A number signifying how well a material can refract light. Usually specified as n by scientists, the index of refraction of a material depends on its composition and density. Water has an index of refraction of 1.333; n of air is nearly 1.0; and n of a vacuum is exactly 1.0.
infrared
A region of the electromagnetic spectrum that is of lower energy and longer wavelength than visible light. Typical wavelengths of infrared radiation range from 1.0 mm to 780 nm (780 x 10-9 m).
interaction
Any action and reaction that takes place between two objects. In physics, interactions (or forces) fall into four main categories. These categories are gravitational interactions, electromagnetic interactions (electric and magnetic forces), and the strong and weak interactions (which affect atomic nuclei and fundamental particles).
interface
The boundary between two different materials or media.

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interference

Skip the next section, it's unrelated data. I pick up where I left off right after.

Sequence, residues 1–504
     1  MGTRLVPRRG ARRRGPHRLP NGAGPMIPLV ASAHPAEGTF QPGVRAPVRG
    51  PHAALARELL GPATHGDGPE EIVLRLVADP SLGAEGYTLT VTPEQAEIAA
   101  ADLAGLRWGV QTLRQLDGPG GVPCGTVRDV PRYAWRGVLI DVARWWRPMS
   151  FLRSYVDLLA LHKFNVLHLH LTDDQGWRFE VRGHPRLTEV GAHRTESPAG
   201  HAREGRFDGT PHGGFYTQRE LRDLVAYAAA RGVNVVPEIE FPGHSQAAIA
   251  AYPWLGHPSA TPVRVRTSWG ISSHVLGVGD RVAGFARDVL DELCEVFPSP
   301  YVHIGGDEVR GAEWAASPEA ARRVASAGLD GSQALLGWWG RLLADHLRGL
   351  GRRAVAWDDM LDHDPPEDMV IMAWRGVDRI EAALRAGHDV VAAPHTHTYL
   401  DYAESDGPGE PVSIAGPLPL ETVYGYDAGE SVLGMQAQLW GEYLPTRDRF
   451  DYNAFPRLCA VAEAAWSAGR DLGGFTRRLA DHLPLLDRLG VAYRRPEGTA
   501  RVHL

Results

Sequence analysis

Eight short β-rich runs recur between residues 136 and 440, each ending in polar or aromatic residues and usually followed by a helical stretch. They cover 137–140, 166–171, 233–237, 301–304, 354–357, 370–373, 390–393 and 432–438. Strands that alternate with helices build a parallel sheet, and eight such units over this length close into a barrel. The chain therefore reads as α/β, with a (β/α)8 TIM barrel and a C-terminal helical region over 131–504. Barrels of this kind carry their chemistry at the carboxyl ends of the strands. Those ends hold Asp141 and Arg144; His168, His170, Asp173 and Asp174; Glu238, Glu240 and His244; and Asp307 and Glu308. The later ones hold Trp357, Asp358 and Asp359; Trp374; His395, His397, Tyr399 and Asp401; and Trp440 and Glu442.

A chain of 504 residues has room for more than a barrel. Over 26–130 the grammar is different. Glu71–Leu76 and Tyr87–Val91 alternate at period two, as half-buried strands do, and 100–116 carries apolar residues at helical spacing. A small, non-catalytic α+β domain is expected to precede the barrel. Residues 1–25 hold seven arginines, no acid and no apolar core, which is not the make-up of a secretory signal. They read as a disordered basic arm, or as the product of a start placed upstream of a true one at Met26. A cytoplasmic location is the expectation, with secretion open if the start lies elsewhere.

The result of waves impinging on one another. Constructive interference occurs when the waves are nearly in phase, or when their "peaks" combine; destructive interference occurs when the waves are nearly 180° out of phase, or when the "peaks" cancel out the "troughs"of the waves.
ionization
The gaining or losing of electrons by an atom. If an atom loses an electron(s), it becomes a positive ion. If an atom gains an electron(s), it becomes a negative ion.
lightning
Most simply defined as the discharge of electricity from one cloud to another, or from a cloud to the ground.
magnify
To cause an image to appear larger or smaller than the corresponding object. When we look through a lens, we often see things magnified: convex lenses often magnify objects larger, while concave lenses always magnify objects smaller. Mirrors can also magnify objects.
microscopy
The use of a microscope. Or, more specifically, investigation by means of a microscope.
from Webster's New World Dictionary
negative charge
Something has a negative charge if it has an excess number of electrons.
normal
Perpendicular. If one line is normal to another, then they are at right angles to each other.
photoelectric effect